Instead of programming a target orbit into the rocket’s guidance system, the Falcon 9’s second stage burned its single Merlin engine until the launcher’s supply of kerosene and liquid oxygen propellants are nearly gone.

“We’re going to burn the motor on the second stage for a few more seconds,” Halliwell said before the launch. “That’s all it really means.”

SpaceX chief executive Elon Musk tweeted that the Falcon 9 rocket achieved an orbit with a maximum altitude of more than 25,200 miles (40,600 kilometers).

“Thanks (SES) for riding on Falcon 9! Looking forward to future missions,” he tweeted.

The Falcon 9 rocket streaked into space just after sunset Friday. Credit: SpaceX
The Falcon 9 rocket streaked into space just after sunset Friday. Credit: SpaceX

The Falcon 9 flight was the rocket’s 22nd mission since debuting in 2010, and the second launch of an upgraded configuration burning super-chilled kerosene and liquid oxygen propellants.

The change in fuel mixture gives the Falcon 9 the ability to generate more thrust and lift heavier satellites into orbit, but SpaceX engineers wrestled with difficulties handling the cryogenic liquid oxygen, which is stored at minus 340 degrees Fahrenheit.

Liquid oxygen for rockets is normally left at minus 298 degrees, near the element’s boiling point. The extra refrigeration puts tighter requirements on the Falcon 9 rocket, and two launch attempts Feb. 24 and Feb. 25 were called off because the liquid oxygen was not ready for liftoff.

SES 9’s hydrazine-fueled propulsion system will fire seven times over the next 12 days to begin circularizing the satellite’s orbit. Ground controllers at Boeing will command the craft’s power-generating solar arrays and antenna reflectors to unfurl around March 17.

An ultra-efficient electric propulsion system, which generates thrust by driving xenon through an electric field, will fine-tune the satellite’s orbit throughout March and April.

By the middle of May, SES 9 should be ready for final tests of its communications payload, ahead of its entry into commercial service in June, officials said.

At geostationary altitude, SES 9’s orbital velocity will match the rate of Earth’s rotation, causing the satellite to hover over a fixed location at the intersection of the equator and 108.2 degrees east longitude.

From its high-altitude perch, SES 9’s Ku-band communications payload will broadcast television programming across Southeast Asia, replacing the NSS 11 satellite launched on a Proton rocket in 2000. SES 9 will be the company’s largest satellite serving the Asian market, according to Halliwell.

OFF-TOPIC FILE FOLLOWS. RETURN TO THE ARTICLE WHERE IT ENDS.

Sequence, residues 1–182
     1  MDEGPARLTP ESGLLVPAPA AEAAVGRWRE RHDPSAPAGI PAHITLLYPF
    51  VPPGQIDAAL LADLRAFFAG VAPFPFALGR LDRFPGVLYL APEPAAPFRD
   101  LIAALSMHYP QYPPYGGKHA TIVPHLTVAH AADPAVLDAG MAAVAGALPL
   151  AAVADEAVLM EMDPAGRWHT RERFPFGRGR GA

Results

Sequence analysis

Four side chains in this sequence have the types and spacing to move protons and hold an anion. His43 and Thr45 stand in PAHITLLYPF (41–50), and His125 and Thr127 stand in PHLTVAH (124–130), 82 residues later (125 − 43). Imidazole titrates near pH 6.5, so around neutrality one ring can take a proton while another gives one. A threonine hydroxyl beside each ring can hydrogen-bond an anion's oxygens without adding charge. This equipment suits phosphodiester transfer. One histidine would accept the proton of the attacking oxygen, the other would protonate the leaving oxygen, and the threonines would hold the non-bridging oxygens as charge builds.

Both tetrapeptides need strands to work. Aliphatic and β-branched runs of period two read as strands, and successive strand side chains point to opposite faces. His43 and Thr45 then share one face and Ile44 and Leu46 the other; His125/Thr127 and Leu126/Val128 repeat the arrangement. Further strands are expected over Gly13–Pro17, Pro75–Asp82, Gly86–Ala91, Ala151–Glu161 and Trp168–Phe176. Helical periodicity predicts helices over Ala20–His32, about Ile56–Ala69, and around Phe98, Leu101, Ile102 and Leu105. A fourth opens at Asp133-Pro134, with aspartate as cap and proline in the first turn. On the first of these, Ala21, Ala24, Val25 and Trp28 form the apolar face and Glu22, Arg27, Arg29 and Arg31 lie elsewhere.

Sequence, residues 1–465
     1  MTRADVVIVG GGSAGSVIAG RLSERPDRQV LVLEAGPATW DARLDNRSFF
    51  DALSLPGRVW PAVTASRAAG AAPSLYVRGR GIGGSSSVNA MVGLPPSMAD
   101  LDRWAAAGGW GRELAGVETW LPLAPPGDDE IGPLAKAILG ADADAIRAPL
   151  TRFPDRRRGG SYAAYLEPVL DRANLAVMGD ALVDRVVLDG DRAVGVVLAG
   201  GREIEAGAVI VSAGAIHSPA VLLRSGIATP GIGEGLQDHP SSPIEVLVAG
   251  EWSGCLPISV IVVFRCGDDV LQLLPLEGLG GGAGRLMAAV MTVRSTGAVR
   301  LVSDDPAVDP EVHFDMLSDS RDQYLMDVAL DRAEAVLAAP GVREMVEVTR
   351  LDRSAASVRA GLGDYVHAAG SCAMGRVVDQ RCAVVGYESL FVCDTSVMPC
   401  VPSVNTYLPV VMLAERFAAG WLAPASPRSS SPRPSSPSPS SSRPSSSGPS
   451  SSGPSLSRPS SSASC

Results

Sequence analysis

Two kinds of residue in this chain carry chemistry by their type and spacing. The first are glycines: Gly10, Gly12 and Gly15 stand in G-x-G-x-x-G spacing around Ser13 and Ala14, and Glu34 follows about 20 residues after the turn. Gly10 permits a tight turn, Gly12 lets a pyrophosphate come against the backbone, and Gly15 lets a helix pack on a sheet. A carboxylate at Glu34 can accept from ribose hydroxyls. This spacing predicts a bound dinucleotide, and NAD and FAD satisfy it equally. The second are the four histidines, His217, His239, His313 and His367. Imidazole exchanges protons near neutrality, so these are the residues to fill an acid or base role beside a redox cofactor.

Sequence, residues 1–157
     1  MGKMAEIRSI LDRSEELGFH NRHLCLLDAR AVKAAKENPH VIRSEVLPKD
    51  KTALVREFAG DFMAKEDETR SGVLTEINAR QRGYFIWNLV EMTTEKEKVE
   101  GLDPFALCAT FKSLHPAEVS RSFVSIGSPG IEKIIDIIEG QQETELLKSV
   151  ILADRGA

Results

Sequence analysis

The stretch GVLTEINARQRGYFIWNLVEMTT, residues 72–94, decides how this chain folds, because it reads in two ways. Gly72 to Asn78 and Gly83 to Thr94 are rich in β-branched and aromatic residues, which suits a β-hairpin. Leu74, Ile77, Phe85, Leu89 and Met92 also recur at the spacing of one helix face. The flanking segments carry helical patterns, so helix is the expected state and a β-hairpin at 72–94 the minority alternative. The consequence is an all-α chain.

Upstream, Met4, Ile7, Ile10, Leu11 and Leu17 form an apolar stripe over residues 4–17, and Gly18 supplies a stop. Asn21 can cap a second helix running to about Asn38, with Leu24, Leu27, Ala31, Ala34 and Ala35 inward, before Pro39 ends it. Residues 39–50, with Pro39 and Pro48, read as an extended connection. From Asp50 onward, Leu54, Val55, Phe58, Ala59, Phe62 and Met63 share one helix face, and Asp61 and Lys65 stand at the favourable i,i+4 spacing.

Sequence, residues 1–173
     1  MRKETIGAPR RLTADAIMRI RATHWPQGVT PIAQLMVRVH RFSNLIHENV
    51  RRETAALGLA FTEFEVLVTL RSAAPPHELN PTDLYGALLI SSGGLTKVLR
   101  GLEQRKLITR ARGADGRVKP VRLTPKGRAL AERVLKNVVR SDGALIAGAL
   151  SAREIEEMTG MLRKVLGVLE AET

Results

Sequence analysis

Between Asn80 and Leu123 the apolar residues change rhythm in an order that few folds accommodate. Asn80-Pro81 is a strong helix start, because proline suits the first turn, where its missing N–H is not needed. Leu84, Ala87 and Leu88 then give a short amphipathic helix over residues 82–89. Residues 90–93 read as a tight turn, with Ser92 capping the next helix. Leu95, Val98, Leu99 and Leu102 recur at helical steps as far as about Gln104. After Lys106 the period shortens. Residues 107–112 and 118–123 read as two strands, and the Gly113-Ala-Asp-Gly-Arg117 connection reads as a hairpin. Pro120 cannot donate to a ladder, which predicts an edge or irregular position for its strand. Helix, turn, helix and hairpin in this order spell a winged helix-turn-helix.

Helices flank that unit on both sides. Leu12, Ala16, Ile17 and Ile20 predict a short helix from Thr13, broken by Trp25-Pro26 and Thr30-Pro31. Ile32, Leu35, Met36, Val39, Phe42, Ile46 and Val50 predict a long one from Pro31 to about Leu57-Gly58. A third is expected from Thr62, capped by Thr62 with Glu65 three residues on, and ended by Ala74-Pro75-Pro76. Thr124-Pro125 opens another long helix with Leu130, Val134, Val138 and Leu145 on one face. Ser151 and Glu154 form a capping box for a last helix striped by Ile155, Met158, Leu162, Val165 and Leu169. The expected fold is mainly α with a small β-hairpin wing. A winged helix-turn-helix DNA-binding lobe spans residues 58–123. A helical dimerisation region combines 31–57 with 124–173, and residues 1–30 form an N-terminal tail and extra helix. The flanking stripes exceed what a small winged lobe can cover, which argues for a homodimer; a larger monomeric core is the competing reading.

Up to 22 million homes across the Asia-Pacific, clustered in countries such as Indonesia, the Philippines and India, will receive high-definition television programming via SES 9.

The new telecom platform will also connect ships in the Indian Ocean to communications networks and provide in-flight entertainment for airline passengers in Southeast Asia.

SES 9 was one of seven satellites in development by SES, a combined investment Halliwell said is worth up to $1.8 billion. He declined to identify the cost of SES 9 itself.

With Friday’s launch, SES has six satellites remaining in development, and four of them are assigned to SpaceX’s Falcon 9 rocket family. Two others will launch on Ariane 5 rockets.

File photo of the SES 9 satellite before launch. Credit: Boeing
File photo of the SES 9 satellite before launch. Credit: Boeing

A secondary objective for Friday’s launch was the landing of the Falcon 9’s first stage booster at sea, where a football field-sized barge waited for the rocket’s descent 400 miles (650 kilometers) east of Cape Canaveral in the Atlantic Ocean.

The high speed required to put the SES 9 satellite into its high-energy orbit left little margin for the recovery attempt, which uses leftover propellant in the first stage to relight its engines to steer toward landing.

“Rocket landed hard on the droneship,” Musk tweeted. “Didn’t expect this one to work (v hot reentry), but next flight has a good chance.”

The next Falcon 9 flight is scheduled for no earlier than March 29 at approximately 8:38 p.m. EDT (0038 GMT on March 30) with a Dragon supply ship bound for the International Space Station.

It will be SpaceX’s first supply run to the space station since last year’s Falcon 9 launch failure.

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Follow Stephen Clark on Twitter: @StephenClark1.